As delicate looking as a rose and as sturdy as a cactus: the echeveria is a very fun plant to have. Echeverias are easy to grow, easy to propagate and a great addition to any house-plant collection. Native to semi-desert areas of southern North, Central, and northern South Americas, these hardy rosettes are members of the crassula family. As such, their care is awfully similar to that of their relatives the jade and kalanchoe.

Bluey-green

Accustomed to bright sunlight for most of the day, echeverias prefer to be in a south- or west-facing window. Often you’ll find that this far north, the winter sunlight is too weak to encourage the full growth possible further south, so for the winter months you may notice a decline in new leaves. You can also supplement the light source with a grow light to help tide them over til spring. It’s also good to bear this in mind if you’re thinking of keeping an echeveria in a room where it won’t receive a lot or any direct sunlight. While it’s possible (I have one in a very bright north-facing window so it gets ambient but no direct light) it won’t grow a whole lot and if it does it will be more likely to etiolate, or stretch, which can put stress on the plant’s system and make for a gangly, less attractive plant. Pro tip: if your succulent is putting put new growth that is much leggier and less dense than how it looked when you got it, it probably needs more light.

Etiolation is not to be confused with flower spikes. They’re tall and gangly, but spikes noticeable grow from the side of the plant, not from the dead centre and the leaves have a different shape. And of course eventually they bloom!

Because they are from semi-desert areas (as opposed to full-blown, arid wastelands that cactus’s are from) they aren’t quite as hardy as their spiky cousins when it comes to drought. Far more tolerant to it than their more temperate contemporaries like tropicals and ferns, they still need to be watered about once every week or two. It’s generally a good rule of thumb to monitor them until the soil has dried out about mid-depth of the pot (stick your finger in there) and then wait one more day or two. They are far more forgiving to being watered less often than over-watered, so if in doubt, wait another day. I once forgot one of mine for a month and a half and, while it was a little wrinkly when I found him again, as soon as I resumed regular watering he perked up and looked normal in no time!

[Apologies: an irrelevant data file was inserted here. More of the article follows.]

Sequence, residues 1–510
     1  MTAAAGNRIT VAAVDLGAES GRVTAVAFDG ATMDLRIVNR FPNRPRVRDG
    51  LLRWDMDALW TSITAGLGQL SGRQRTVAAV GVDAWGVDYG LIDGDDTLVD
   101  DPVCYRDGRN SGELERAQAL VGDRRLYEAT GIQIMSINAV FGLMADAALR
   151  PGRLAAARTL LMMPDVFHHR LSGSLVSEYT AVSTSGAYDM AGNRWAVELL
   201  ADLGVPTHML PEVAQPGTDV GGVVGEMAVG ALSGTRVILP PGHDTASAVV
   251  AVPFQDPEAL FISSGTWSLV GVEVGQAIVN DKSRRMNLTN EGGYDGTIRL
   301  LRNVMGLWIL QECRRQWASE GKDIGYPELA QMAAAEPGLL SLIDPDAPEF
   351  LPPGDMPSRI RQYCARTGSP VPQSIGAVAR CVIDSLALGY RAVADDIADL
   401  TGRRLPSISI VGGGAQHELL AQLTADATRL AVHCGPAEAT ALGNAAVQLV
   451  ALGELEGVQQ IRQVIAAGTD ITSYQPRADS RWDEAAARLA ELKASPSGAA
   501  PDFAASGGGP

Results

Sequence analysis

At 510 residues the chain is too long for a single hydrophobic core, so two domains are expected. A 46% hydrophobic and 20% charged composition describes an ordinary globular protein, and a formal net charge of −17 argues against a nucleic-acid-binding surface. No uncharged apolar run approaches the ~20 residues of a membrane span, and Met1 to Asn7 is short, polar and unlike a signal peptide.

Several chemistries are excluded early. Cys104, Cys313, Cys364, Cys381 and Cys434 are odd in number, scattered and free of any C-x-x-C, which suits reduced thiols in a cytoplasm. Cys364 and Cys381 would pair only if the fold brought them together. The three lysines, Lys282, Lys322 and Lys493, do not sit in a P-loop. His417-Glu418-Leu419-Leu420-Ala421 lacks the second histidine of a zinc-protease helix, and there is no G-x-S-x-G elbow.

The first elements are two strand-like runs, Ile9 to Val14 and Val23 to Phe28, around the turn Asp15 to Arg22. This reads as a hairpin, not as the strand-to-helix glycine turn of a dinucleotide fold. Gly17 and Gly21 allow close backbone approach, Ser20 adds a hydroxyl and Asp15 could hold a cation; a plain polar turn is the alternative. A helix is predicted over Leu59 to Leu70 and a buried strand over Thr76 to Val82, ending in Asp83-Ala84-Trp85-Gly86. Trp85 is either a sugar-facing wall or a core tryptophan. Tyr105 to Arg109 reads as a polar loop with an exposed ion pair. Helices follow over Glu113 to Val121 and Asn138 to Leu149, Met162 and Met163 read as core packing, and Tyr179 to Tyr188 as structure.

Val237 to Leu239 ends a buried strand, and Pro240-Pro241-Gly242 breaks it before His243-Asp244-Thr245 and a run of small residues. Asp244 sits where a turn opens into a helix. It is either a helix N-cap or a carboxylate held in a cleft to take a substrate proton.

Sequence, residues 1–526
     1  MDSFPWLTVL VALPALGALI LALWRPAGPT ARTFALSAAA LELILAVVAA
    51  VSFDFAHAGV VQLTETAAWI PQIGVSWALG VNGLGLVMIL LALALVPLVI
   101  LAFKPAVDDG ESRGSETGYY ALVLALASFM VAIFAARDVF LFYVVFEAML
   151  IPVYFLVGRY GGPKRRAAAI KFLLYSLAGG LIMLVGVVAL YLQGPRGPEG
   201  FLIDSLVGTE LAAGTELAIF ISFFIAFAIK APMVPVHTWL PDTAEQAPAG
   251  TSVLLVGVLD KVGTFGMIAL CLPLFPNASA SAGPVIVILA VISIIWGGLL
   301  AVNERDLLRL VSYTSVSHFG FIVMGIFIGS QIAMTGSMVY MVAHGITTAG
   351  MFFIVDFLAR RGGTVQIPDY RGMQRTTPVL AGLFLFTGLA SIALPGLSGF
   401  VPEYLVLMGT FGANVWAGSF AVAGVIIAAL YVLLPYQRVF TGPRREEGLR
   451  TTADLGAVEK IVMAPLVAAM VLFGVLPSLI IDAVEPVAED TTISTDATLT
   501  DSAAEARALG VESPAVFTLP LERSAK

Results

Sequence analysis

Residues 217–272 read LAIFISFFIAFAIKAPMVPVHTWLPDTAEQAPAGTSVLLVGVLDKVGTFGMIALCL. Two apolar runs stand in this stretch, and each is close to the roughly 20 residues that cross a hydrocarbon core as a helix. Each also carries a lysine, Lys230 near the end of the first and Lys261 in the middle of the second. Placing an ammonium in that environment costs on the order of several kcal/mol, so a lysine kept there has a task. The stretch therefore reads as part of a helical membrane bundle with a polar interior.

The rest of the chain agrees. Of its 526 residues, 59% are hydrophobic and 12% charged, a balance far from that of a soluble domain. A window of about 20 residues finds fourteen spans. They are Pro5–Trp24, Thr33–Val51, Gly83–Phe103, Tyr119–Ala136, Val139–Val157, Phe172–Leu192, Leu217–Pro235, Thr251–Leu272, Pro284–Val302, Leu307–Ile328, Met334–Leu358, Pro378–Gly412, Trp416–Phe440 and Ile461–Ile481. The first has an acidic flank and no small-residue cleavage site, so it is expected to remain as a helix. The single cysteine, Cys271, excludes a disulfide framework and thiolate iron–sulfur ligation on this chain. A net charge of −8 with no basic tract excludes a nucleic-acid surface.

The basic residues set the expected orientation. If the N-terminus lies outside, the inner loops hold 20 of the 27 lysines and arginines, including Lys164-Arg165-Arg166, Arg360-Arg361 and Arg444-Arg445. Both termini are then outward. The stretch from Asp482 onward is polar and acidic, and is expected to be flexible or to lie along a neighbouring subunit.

Pink! So pretty in pink!

We always love to carry a wide selection of echeveria’s and their succulent buddies at Flowers Talk Tivoli. Pink ones, green ones, silvery-blue. It’s always fun to mix and match for a subtle but stunning combination of these petite pals. Come see us at 282 Richmond Rd to see which ones you like best!

A natural succulent planter including a nice, flat echeveria on the left.

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